July 04, 2011
In the final hour before he was scheduled to address the World Youth Peace Conference, retired four-star general Colin Powell met with thirteen young people in a small room usually reserved for media interviews with athletes after University of Hartford sporting events. The students had been selected to present peace project proposals to General Powell. It was announced before the start of their meeting that each person would be given no more than two minutes to present their ideas.
The students stood and applauded when Powell entered. He took his seat at the front of the room, behind a table draped with a red cloth. General Powell, nicknamed "the reluctant warrior," listened, conversed and critiqued the proposals with an attentive and personal ear.
Jacinta Lomba (above, center), 15, of South Windsor, CT, inspired by her parents from Cape Verde, Africa, spoke of her plan to build libraries in Cape Verde. "Growing up," Lomba told Powell, "My parents shared stories with me about how they never had the opportunity to read books for fun. And I think that is something that we take for granted here in America. We can go to the library, check out books and let our imaginations run wild. So my pathways to peace project will require me to travel to my home country and install libraries for the children there. And the libraries will be filled with books, fictional novels and children's stories, printed in Portuguese."
"Fictional stories," she continued, "shape our imagination and our beliefs for the future. This is a great way for me to promote peace amongst my own people and perhaps to change the world someday.
To Lomba's surprise, Powell said he had been to Cape Verde. He further noted that earlier in the day he had been speaking in northwestern Connecticut with a group supporting the Kent Memorial Library. "It was built about 80-years ago," Powell said about the library, "to honor veterans of the first world war. The point I made to them is that I was raised in a poor neighborhood in the South Bronx. And I had a library in my community called the Hunt's Point Library. My parents were immigrants and you didn't spend money on books, you had a library. The Hunt's Point Library introduced me to the books of James Michener and these wonderful books about the South Pacific. Willa Cather and her wonderful My Antonia took me from the South Bronx to the plains of Nebraska. And so libraries open a new world for people who are shielded from the real world because they don't have the opportunity to read."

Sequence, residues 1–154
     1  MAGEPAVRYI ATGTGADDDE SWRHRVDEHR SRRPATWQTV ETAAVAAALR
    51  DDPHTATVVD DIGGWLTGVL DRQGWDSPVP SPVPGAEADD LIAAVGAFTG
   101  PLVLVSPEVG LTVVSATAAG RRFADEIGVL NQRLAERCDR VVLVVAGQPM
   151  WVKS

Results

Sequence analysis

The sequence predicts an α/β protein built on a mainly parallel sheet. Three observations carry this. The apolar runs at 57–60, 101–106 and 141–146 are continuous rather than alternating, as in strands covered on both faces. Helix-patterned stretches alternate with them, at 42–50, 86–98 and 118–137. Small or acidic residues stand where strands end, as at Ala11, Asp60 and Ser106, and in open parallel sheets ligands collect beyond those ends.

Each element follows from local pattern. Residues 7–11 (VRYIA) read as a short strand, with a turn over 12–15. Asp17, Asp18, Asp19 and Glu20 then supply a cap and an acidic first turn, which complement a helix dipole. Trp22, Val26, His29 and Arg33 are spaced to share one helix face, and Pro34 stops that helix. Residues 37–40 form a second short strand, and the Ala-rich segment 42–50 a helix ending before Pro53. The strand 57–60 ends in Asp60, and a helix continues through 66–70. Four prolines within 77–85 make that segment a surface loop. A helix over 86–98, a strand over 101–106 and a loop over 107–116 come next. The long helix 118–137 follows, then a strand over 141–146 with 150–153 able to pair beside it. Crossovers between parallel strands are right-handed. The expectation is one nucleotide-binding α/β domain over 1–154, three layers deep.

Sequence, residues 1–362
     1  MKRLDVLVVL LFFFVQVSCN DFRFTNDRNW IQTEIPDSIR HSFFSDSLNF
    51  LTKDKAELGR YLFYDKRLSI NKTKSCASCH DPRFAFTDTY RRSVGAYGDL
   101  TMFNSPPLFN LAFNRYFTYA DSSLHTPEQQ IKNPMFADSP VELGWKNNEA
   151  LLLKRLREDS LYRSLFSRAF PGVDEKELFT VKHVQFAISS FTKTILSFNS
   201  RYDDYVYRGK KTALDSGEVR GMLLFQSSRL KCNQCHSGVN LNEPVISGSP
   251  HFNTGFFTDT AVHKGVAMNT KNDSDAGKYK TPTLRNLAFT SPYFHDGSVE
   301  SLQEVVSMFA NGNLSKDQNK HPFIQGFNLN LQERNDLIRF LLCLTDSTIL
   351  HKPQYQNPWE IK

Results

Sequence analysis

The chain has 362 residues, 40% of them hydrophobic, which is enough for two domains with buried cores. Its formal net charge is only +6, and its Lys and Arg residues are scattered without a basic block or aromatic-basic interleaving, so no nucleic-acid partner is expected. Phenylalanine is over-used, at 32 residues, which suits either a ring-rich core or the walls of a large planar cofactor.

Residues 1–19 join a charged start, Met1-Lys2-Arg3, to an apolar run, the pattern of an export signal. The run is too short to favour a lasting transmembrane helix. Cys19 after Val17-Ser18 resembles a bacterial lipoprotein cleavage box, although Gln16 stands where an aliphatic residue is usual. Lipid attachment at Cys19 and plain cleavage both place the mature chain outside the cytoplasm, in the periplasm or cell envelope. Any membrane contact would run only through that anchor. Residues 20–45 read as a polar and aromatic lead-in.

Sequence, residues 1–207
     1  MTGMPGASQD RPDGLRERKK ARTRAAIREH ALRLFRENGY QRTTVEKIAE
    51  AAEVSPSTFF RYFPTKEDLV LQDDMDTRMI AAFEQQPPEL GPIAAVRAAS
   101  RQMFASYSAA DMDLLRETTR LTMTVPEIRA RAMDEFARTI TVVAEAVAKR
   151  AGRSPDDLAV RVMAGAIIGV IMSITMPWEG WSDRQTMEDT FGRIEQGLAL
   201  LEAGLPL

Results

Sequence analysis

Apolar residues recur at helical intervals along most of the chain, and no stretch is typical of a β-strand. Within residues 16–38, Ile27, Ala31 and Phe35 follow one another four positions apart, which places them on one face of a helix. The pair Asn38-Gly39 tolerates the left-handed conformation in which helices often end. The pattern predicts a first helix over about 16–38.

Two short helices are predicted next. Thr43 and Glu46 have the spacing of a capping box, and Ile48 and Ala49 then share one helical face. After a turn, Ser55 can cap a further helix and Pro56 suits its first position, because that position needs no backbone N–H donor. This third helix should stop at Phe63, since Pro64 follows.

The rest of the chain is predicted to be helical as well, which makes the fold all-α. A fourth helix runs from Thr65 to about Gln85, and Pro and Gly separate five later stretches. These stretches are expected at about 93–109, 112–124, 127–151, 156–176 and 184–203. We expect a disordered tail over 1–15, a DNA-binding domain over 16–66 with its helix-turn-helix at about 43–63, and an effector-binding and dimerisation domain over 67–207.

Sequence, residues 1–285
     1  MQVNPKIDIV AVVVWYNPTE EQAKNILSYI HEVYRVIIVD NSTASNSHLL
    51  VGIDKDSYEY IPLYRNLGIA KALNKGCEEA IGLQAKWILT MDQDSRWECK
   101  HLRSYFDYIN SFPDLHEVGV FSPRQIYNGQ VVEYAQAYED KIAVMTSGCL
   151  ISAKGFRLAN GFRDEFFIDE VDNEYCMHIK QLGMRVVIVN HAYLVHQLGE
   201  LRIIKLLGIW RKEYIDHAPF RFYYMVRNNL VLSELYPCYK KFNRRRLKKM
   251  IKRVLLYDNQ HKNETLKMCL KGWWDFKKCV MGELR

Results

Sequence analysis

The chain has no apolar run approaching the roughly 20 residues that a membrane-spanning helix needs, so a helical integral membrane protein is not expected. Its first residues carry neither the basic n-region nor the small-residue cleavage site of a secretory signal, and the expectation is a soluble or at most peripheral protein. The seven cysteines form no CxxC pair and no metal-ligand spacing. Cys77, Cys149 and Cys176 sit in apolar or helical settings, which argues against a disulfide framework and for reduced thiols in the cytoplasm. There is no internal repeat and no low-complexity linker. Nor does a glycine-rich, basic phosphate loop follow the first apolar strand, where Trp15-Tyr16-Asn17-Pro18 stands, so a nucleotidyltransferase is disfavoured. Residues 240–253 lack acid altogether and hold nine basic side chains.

Three television lights kept the small room warm as more ideas were presented by young people from Russia, China, Iraq, Luxembourg, Maine, Florida, and Massachusetts.
Powell left the meeting and, after stopping in the cramped hallway outside the media room to pose for photographs with the participants, went out to speak with the crowd. He spoke of his combat service in Vietnam and not seeing his son until he was 8-months old because, as he put it, "I was in the jungle." The 74-year-old former Secretary of State also spoke of working with Ronald Reagan, Dick Cheney, the Military-Industrial complex, leadership, success and driving his Corvette.
At the close of his talk General Powell said,
"As long as my country, and every country represented here in this room this evening, understands that
--We are all of a creator.
--We all have inalienable rights.
--We all have the right to life, liberty, the pursuit of happiness.
--We are all joined in this together and increasingly so because of the power of the information revolution.
--We are all each other's brothers and sisters no matter what country we are from, what religion we profess, what ethnicity we have.
--We are all in it together in this great world of ours. A great world that I am so very proud to have lived in during my 70-odd years.
You, although you are not my children, tonight you are my children, and I want to make sure I am giving this message to you: Go forth and save this world of ours."